A move to the country is tempting — unless, as in my case, you grew up there © Bruce Wilson Photography/Getty

It’s a tempting idea: now that we all work from home (ie live at work), why stick with the city? Why not pack up and whisk the family away to Plopsbury-on-Tweed to live a bucolic life next to a babbling brook?

The children will thrive in the fresh air, running ruddy-cheeked through the local fields while you crack open the laptop to contribute to society without the hassle or germs of a commute, gazing in your more thoughtful moments over your uninterrupted views of nature.

What’s more, your cramped two-up-two-down in Muswell Hill will free up enough cash to buy a rambling pile out in the sticks. The office is so 2019. Move out, breathe, write blogs about how great your life is outside the Big Smoke. We’d all be fascinated.

Like I say, it’s tempting. Unless, as in my case, you grew up in the back end of nowhere and wild horses could not drag you back.

Allow me to recline on my psychiatrist’s chaise longue and be clear that I had a happy childhood in the Wirral countryside. I grew up on a farm, cheerfully dodging death on a daily basis around tree swings, machinery, bulls and slurry pits, darting about on my bike to visit my grandparents (my Nana made the best Victoria sponge this side of the Bake Off tent). We kids largely looked after ourselves. Grubby, frequently black-eyed, and often found playing on the roof of the house or on top of the round bales that my dad constantly told us to leave the bloody hell alone. Our school had as many kids in total as my children had in each year of their east London primary.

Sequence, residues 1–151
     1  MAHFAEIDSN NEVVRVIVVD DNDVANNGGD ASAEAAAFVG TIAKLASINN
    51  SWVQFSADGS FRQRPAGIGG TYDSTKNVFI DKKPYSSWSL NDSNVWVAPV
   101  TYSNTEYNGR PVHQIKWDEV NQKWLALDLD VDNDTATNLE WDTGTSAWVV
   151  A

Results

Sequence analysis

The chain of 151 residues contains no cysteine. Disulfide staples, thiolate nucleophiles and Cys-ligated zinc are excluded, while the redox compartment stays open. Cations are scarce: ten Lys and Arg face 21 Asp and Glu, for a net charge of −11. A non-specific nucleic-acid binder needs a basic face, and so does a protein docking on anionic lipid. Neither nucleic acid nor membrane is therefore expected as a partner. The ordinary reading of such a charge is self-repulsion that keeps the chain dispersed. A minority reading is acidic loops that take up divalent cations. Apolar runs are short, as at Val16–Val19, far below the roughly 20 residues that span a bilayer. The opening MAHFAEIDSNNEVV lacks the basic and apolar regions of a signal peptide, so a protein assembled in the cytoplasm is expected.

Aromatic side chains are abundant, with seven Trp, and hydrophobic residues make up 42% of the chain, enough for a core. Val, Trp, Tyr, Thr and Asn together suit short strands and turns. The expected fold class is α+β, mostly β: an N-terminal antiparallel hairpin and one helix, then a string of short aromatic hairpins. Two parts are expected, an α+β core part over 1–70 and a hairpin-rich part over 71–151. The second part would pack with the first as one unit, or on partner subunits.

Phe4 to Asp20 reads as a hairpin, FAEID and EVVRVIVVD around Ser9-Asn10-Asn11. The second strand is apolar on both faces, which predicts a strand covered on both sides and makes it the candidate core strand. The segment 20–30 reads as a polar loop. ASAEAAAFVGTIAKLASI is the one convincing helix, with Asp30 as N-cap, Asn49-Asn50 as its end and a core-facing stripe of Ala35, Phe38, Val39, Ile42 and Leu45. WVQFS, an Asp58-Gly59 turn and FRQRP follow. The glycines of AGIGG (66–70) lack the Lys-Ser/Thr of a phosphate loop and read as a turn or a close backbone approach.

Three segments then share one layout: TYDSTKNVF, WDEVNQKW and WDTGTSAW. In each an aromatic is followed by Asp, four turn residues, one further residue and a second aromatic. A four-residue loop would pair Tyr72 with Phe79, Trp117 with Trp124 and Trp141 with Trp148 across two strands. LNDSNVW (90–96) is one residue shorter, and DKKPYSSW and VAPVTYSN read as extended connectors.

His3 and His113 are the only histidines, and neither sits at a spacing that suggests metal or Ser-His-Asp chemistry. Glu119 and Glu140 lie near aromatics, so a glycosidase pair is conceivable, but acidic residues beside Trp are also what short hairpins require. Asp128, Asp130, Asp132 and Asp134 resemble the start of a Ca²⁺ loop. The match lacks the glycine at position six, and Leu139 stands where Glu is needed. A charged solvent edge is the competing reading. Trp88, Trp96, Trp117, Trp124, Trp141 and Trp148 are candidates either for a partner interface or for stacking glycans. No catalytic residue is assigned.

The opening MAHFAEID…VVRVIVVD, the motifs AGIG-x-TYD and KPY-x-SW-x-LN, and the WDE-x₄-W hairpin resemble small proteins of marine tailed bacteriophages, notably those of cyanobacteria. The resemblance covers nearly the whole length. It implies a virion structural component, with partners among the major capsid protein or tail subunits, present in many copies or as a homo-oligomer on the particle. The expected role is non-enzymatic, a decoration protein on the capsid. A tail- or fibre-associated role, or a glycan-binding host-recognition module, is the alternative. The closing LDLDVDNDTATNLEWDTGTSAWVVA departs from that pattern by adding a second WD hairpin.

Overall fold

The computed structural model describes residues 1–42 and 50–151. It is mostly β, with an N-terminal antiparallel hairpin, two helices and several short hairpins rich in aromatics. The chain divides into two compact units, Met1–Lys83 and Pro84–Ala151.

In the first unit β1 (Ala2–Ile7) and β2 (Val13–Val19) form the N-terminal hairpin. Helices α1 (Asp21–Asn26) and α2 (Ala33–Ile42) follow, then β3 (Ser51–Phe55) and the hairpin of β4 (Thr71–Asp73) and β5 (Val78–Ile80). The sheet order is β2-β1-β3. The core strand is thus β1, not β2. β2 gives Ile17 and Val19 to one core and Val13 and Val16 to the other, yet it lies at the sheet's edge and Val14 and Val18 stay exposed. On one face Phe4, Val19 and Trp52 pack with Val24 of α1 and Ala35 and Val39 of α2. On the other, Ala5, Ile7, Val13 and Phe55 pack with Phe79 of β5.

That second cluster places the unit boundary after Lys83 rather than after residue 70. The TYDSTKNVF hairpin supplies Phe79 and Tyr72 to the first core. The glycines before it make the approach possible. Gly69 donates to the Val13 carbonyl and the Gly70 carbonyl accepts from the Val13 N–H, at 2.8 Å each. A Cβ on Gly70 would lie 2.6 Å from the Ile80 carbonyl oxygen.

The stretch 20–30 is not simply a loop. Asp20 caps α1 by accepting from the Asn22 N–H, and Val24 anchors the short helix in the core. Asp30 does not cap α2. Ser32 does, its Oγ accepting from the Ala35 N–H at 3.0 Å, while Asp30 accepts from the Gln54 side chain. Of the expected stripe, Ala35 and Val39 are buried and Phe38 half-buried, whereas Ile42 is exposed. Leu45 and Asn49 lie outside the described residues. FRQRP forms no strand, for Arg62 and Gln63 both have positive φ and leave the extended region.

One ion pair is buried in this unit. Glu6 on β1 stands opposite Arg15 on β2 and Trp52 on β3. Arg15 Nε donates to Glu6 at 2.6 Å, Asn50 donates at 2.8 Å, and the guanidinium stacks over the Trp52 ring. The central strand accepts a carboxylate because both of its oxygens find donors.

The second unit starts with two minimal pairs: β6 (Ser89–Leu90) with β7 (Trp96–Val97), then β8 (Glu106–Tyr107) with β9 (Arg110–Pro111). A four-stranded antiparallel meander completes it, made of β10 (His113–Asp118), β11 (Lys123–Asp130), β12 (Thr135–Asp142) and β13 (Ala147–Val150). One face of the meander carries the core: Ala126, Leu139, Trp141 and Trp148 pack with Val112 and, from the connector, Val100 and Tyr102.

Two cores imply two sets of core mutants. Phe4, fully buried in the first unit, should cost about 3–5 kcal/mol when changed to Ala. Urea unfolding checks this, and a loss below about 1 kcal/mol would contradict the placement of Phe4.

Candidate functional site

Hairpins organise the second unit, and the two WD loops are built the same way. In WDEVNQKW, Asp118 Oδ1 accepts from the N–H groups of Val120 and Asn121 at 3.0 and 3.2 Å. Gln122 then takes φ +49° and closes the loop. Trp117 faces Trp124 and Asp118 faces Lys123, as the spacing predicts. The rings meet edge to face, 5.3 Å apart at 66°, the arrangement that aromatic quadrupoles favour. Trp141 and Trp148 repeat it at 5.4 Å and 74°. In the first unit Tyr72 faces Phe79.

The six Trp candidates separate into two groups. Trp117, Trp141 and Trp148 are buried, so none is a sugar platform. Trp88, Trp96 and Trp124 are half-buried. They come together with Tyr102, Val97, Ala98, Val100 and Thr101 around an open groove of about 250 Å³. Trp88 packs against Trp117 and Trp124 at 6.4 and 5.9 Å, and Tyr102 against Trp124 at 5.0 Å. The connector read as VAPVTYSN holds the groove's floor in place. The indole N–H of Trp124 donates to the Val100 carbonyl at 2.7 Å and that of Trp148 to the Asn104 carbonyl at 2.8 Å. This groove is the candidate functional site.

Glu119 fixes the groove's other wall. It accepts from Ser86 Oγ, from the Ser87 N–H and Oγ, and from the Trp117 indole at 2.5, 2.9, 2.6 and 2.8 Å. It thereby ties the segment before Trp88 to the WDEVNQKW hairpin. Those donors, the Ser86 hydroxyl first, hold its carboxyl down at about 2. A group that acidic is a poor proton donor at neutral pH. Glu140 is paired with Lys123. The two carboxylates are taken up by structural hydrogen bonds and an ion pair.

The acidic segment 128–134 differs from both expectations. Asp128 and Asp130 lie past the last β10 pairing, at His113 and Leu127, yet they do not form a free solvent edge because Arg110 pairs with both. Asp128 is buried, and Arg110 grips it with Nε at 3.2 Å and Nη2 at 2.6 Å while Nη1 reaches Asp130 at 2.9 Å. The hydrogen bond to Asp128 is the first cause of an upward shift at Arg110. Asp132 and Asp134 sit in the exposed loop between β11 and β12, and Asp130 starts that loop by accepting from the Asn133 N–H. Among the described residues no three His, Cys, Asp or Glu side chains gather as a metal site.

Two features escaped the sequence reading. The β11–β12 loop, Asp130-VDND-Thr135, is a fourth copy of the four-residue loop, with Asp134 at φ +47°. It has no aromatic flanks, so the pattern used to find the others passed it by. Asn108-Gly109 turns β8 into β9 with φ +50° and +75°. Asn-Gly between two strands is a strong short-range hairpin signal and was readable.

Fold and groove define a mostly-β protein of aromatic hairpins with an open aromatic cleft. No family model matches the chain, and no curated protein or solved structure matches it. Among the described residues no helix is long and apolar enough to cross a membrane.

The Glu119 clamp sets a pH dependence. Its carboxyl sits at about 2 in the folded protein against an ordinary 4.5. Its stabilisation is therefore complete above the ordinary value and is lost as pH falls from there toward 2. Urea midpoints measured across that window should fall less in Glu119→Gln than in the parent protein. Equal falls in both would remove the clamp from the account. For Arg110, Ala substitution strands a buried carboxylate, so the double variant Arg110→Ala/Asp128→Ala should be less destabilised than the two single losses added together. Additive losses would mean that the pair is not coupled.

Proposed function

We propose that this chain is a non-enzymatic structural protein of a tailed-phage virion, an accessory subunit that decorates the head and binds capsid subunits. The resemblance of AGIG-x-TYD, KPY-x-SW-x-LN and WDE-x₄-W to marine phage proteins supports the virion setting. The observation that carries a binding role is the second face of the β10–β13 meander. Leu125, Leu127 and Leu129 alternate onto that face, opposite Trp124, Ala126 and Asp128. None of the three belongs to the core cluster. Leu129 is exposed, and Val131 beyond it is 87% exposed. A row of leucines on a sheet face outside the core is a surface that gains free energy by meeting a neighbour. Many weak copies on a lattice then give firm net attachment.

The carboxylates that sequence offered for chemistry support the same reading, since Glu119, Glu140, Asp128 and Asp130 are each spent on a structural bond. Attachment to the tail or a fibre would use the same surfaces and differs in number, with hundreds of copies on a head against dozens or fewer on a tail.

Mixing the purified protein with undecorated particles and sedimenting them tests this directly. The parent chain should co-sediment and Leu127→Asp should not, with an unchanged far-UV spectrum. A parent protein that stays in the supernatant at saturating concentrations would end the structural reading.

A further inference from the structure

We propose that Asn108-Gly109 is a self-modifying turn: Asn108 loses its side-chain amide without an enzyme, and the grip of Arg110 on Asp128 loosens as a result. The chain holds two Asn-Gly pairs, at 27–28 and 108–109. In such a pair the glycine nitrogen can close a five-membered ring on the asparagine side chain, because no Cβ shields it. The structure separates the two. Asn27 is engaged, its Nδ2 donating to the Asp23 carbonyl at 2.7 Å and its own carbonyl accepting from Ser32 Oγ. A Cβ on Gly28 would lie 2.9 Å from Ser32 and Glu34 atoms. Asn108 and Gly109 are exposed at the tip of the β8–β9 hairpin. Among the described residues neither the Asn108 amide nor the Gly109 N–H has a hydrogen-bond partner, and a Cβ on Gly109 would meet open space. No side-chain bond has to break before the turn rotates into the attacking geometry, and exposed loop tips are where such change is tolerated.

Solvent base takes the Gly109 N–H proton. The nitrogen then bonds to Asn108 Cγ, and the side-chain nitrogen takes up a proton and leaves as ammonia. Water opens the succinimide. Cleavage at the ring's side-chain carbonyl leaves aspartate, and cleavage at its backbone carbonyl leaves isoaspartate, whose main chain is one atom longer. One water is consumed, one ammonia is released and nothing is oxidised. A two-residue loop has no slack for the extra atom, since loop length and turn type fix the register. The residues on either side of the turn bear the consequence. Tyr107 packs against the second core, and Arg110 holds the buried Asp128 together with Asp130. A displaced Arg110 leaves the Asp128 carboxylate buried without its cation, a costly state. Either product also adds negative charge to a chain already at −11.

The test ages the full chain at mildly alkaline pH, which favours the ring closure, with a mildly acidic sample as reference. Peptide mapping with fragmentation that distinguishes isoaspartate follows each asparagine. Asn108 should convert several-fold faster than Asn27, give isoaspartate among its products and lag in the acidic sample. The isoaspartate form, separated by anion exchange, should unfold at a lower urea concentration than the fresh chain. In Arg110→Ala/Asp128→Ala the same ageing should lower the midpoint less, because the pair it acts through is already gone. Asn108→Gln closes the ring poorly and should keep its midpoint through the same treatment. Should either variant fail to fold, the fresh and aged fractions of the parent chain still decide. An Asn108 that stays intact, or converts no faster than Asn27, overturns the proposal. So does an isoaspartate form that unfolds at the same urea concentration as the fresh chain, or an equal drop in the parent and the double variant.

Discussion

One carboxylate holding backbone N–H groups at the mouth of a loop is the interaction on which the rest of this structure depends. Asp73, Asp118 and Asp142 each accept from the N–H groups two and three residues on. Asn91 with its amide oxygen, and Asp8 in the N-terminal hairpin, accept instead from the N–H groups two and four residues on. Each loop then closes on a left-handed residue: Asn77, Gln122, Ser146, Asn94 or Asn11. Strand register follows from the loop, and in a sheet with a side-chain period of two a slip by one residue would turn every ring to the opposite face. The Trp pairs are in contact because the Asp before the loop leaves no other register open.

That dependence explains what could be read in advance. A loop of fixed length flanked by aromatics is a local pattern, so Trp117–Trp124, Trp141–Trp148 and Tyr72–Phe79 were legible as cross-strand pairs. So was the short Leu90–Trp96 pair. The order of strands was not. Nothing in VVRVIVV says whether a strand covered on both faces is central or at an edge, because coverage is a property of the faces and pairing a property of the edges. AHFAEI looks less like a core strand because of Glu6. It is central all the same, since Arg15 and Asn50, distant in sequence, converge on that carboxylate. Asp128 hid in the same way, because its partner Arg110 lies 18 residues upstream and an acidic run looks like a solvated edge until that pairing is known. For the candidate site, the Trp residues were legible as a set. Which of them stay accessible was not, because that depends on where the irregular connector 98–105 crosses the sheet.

Some people clearly want to get out of the city, and good luck to them. Estate agent Rightmove reported in May that more than half of property inquiries from Londoners were for homes outside the capital, up from 43 per cent at the same point in the previous year. 

But for me, the idea of packing up and heading outside of the A406 is a total non-starter. The notion of living more than 200m from a Turkish shop brings me out in hives. 

Sure, I enjoy very few of the pleasures that London has to offer. Theatre, art and nightclubs are not exactly weekly pursuits, even outside lockdowns. But when it comes to the stuff that pays the bills — work — I know I have functioning WiFi and generally compliant mobile phone reception. These are not things to be taken for granted in the rambling countryside stuffed with community groups blocking the construction of phone towers.

Also, the truth about country living is that if you decamp from the city, you will always be “those new people”, decades after you move in. 

Londoners don’t care how long you’ve been there, unless it is part of an argument about whether you arrived before or after the hipster gentrification of your neighbourhood. 

And within reason, no one cares what you’re up to. In the countryside, everyone knew, or was related to, everyone else. Minding your own business was antisocial and frowned upon. 

It’s not the tranquil idyll that those sick of London perhaps imagine. Burglaries in remote spots are relatively easy to carry off.

Working remotely makes more sense now than it has ever done before. But the warm glow of knowing your Zoom background casually displays a window overlooking that babbling brook will soon wear off when your internet connection drops off for the fourth time that day.

My guess is that the smug ex-city lifestyle blogs will start to die off when the former Londoners are frowned at in the local pub for spending more than three seconds deciding which red wine they would like to order, or smirked at in the street for wearing posh wellies, or when they get the house turned over by local ne'er-do-wells for the second time in a year, or when really all you want is some sumac. Is that so much to ask? Surely someone round here sells sumac?

They do not sell sumac, and no, the WiFi is not likely to work later either.

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